A Harvest You Have toSee to Believe
When you think harvest, most farmers think combining, a ripening garden, and golden crops. When we thinkharvest we think airboat and travel. Our wild rice is grown in the very isolated lakes of Northern Manitoba. Not only are we almost eight hours north ofWinnipeg, some of our lakes are three hours north of us. This means hours on the road (or trail) and days away from home.
The ideal growing conditions for our wild rice is clear,clean water, a depth of 3 – 5 feet, a lake bottom of just the right pH, moving water and lots of sunshine. The wild rice plant is truly amazing. Wild rice is actually a member of the grass family and grows from 5 – 11 feet tall. Usually half of the plant is under thewater. Come spring you cannot see any evidence of plants in the lake. As summer proceeds, the plants grow and the tops will float on the lake. As the plant grows and strengthens, it stands up out of the water and starts to eventually blossom. The blossoms turn into the wild rice‘grains’. Our long hours of sunshine during summer promotes long, plump grains.
Once thegrains have ripened to their optimal size, we haul the airboats out to ourlakes. The airboat has a ‘hopper’attached to the front that the operator can raise or lower according to theheight of the wild rice plants. The riperice grains fall into the open hopper. Once the hopper is full, the airboat goes over to a bagging station. Sometimes a bagging station is on the shore,but most of the time it is a anchored boat. The hopper is emptied by hand (see attached video). The green wild rice is then scooped into bags. On a good day, there are too many bags in the bagging station boat. Instead of carting them all the way to the landing, we will find a close shoreline to stack the bags. At the end of the day, all of the wild rice needs to be carted to the boat landing. The bags are then put into the truck and/or trailor and hauled back to the rice camp where they are unloaded so that everything is ready to go again in the morning. As the wild rice plant does not all ripen at the same time, the same area can be harvested multiple times. Some years we get over the samecrop as many as four times.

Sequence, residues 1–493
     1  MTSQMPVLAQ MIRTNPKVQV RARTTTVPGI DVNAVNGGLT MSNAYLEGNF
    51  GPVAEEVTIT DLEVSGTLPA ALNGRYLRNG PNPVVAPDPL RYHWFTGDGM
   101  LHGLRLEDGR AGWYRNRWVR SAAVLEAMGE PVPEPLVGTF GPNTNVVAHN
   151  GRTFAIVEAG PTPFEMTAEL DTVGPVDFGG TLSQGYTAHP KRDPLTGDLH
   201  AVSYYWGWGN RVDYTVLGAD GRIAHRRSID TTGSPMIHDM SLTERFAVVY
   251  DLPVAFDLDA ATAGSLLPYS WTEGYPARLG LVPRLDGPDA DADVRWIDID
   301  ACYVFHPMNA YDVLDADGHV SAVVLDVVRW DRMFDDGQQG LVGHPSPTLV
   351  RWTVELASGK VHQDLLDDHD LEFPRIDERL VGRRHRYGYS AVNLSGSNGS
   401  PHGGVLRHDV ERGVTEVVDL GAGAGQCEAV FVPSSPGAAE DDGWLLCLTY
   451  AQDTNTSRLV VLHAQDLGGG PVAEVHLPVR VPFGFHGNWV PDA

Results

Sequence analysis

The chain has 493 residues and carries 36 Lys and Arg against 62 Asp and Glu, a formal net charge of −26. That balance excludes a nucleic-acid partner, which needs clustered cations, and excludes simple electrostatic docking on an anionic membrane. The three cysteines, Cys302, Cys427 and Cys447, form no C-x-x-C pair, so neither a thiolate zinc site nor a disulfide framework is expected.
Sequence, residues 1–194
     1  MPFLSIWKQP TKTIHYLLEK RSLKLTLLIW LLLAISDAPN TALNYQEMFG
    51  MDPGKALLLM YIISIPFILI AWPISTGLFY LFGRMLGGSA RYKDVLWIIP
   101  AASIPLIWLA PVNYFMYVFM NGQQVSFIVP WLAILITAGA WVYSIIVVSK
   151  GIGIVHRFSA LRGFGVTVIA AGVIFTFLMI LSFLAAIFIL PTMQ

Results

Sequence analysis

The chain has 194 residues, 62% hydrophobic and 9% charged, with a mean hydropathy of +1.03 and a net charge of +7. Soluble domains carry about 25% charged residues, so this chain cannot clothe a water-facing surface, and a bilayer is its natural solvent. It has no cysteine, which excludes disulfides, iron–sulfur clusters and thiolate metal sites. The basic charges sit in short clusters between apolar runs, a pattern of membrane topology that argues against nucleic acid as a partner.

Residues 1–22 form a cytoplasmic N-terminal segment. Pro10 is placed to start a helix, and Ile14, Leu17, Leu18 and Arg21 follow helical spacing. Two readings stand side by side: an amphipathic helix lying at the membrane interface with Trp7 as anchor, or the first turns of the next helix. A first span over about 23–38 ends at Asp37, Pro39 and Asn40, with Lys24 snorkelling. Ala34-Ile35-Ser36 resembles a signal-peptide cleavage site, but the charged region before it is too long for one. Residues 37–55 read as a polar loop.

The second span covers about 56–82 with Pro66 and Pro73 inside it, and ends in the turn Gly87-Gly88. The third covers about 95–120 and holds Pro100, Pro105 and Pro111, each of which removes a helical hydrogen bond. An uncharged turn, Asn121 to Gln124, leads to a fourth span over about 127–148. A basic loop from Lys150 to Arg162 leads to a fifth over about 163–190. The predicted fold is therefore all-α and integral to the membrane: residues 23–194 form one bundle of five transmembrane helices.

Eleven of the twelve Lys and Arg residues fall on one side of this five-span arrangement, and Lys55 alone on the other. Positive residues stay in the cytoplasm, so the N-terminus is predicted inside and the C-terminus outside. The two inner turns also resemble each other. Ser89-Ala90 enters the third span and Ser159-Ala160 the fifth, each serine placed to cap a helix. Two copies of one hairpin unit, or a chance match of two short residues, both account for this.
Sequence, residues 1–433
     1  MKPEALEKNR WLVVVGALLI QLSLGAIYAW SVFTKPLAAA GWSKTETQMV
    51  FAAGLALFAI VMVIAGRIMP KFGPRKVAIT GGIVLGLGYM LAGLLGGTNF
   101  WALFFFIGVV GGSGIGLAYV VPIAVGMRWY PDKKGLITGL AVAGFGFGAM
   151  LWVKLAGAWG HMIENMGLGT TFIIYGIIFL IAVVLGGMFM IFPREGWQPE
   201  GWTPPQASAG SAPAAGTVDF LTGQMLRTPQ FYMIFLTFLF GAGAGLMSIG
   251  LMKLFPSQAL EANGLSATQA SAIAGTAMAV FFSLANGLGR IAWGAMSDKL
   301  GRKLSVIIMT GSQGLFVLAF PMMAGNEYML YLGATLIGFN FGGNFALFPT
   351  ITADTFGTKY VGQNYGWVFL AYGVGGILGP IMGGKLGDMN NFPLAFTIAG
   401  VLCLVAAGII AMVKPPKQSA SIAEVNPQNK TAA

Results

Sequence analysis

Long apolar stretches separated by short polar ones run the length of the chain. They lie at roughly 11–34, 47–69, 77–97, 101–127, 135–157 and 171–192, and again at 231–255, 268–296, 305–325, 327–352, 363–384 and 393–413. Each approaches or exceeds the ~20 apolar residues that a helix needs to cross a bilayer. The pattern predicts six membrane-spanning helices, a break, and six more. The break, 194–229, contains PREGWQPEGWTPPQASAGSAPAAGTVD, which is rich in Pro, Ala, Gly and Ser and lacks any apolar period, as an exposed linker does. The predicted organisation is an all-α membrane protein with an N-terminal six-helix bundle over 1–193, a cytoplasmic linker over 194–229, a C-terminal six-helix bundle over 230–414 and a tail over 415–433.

Oncethe pick is done, all of the bags of wild rice are brought home. From here, the rice goes to the processing plant which is about 45 minutes from our home. As you can see, our wild rice get handled multiple times – anywhere from a minimum of five to as many times as ten. It is a harvest that really cannot become mechanized due to the remoteness of our lakes and our desire to disturb the surroundings as little aspossible.
As with any crop, mother nature is our greatest partner. Wind is wild rice’s biggest enemy. This year in particular hundreds of pounds were lost to the wind.
On a warm, sunny day the harvest is still work, but on a cold, windy day with nowhere to get shelter, it is not fun. Our son in particular LOVES going ricing and spending time with his Dad.
We are extremely blessed to live where we live and tohave this opportunity to harvest and eat such a great product.
For delicious recipe and a variety of waysto serve healthy, gluten-free wild rice to your family check out: